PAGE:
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Flowers in the Attic
Magnolia explores the underside of family life
by SFS Staff on Oct 15, 2004
There's something thrilling about director Paul Thomas Anderson's ability to completely suspend your beliefs. He has that subtle touch that transforms potentially cheesy situations into serious cinematic beauty. Remember Dirk Diggler's phallic pep talk at the end of Boogie Nights? Magnolia offers an equally bizarre lip synching sequence that has all nine characters singing the same teary tune, each in a different location. Seems ridiculous, huh? Somehow, in this film it seems closer to reality than the alarm clock that woke you up this morning.
In Magnolia , Anderson's third movie after Hard Eight and Boogie Nights , the filmmaker weaves a graceful tale of family affliction and personal anguish that takes place in the smog shrouded San Fernando Valley. Magnolia is a rough, down to the bone, relentlessly honest story of lives intersecting, changing, and crumbling. His characters face those dark truths that refuse to stay buried away, no matter how deep they're pushed.
At the center of all this digging lies Earl Partridge (Jason Robards), a sick man who, as we soon figure out, has some family skeletons clamoring to escape the closet before he dies. His much younger wife Theresa (played with passionate precision by Julianne Moore) runs around frantically, amped up on high doses of Prozac and a few choice amphetamines obtained by her doctors. The trio is c.pleted by Earl's very emotional nurse Phil (Philip Seymour Hoffman). Phil has the great pleasure of experiencing Theresa's nervous breakdown and Earl's midnight hour regrets. And it is a pleasure -- in a twisted, cathartic sort of way.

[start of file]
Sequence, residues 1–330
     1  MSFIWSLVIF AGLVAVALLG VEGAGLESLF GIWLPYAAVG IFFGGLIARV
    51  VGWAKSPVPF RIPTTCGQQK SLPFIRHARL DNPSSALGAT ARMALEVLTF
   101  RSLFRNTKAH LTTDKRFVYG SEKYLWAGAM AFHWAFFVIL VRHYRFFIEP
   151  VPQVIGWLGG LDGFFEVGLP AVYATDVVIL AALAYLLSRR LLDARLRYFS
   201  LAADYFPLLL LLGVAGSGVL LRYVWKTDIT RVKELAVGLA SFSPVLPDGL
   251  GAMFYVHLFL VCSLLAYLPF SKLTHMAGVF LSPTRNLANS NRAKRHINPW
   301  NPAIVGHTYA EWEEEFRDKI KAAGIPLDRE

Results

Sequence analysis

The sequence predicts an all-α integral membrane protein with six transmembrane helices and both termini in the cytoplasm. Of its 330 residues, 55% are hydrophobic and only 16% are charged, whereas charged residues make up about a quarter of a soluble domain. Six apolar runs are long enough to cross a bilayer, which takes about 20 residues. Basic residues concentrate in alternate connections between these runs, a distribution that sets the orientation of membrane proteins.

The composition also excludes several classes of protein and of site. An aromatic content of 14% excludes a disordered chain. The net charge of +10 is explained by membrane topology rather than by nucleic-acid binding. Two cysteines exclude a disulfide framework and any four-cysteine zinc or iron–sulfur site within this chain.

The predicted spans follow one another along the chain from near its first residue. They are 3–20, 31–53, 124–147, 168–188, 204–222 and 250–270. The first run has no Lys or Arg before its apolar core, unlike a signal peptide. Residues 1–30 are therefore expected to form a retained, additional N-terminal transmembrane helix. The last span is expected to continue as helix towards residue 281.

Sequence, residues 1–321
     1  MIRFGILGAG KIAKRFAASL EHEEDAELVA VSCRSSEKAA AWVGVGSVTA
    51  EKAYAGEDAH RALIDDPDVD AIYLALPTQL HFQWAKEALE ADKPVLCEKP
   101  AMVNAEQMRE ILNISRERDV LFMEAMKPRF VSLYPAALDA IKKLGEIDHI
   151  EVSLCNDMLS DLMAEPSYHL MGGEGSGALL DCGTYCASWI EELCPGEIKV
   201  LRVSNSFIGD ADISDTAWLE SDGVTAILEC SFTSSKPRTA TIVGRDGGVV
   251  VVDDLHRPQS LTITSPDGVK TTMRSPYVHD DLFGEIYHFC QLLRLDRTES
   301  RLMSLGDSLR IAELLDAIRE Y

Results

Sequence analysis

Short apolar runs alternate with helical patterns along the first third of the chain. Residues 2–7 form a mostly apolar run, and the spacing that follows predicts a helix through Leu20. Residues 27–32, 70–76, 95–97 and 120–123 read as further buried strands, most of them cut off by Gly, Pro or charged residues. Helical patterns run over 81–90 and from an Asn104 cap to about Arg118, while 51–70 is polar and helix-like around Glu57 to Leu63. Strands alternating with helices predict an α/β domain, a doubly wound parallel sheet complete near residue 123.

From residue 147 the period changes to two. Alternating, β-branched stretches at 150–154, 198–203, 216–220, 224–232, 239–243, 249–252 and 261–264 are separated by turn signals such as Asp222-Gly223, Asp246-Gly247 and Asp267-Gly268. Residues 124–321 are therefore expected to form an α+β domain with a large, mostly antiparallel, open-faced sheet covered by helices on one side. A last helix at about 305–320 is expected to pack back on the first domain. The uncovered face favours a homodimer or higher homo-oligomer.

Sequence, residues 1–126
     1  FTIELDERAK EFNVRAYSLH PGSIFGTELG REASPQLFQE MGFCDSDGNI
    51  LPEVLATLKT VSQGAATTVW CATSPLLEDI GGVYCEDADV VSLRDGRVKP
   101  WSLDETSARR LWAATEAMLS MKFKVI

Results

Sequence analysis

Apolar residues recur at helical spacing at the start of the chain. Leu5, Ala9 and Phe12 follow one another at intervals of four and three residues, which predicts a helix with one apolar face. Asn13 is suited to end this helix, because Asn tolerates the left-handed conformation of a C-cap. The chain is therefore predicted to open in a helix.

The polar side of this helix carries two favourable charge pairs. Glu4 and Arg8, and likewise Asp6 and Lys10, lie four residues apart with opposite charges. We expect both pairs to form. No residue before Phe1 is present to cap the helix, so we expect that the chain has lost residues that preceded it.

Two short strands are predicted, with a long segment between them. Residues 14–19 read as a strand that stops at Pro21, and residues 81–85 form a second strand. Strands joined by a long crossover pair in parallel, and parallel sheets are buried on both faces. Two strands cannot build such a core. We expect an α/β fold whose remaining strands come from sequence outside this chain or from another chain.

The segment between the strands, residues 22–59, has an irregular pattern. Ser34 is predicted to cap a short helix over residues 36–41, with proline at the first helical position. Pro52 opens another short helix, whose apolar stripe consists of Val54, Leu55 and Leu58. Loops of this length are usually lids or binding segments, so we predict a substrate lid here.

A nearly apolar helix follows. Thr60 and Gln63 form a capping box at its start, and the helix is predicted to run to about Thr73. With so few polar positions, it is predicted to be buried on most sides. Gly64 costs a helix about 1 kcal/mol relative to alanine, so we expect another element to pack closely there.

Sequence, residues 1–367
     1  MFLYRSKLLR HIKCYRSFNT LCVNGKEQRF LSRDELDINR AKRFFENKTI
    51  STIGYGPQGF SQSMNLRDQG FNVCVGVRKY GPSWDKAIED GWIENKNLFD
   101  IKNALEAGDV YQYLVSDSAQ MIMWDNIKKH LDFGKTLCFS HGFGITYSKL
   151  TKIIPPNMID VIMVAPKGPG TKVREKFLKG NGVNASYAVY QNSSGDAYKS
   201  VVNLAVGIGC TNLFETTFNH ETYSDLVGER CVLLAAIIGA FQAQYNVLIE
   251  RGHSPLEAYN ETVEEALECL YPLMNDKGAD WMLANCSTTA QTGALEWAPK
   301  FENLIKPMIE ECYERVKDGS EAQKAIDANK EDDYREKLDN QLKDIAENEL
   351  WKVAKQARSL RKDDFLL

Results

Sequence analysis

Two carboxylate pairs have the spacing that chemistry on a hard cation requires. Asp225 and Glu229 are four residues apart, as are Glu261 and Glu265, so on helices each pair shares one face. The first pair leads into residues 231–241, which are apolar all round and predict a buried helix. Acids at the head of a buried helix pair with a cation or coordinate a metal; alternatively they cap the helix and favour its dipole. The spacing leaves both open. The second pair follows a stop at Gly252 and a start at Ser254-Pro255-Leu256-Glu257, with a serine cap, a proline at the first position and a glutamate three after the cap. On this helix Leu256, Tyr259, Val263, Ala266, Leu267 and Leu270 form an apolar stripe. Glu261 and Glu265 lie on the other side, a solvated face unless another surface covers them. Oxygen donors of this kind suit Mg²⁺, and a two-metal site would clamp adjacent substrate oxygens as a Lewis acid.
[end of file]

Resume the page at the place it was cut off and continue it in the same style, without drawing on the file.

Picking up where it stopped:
But that's just the beginning. There's also Claudia (Melora Walters), a coked-out hermit who lovingly freaks out over a meek cop played by Anderson regular John C. Reilly; Claudia's game show host dad, aptly named Jimmy Gator (Philip Baker Hall); a sick, slick, ultra-sexist version of infomercial king Tony Robbins (Tom Cruise, who, believe it or not, delivers a riveting performance, despite that toothy grin) who preaches "Respect the Cock, Tame the Cunt" to hundreds of dateless men; an exploited child genius (Jeremy Blackman); and the sad, lonely, lovelorn Donnie Smith (William H. Macy).
If the characters share one thing in common, it's that they're all wavering over that precarious rift between a dangerously dreary past and an uncertain future. Without abandoning us in an emotional abyss or a vacuum of sappy morality, the film curves through the lives of a few lost souls in transit, surrounded by fate, by chance, and by the harsh truths of their lives. Extraordinary performances all around, and Anderson's exquisite direction make watching Magnolia feel like one big cinematic epiphany.
3 hours 8 minutes
William H. Macy
John C. Reilly
Philip Baker Hall
Philip Seymour Hoffman
by SFS Staff on Oct 15, 2004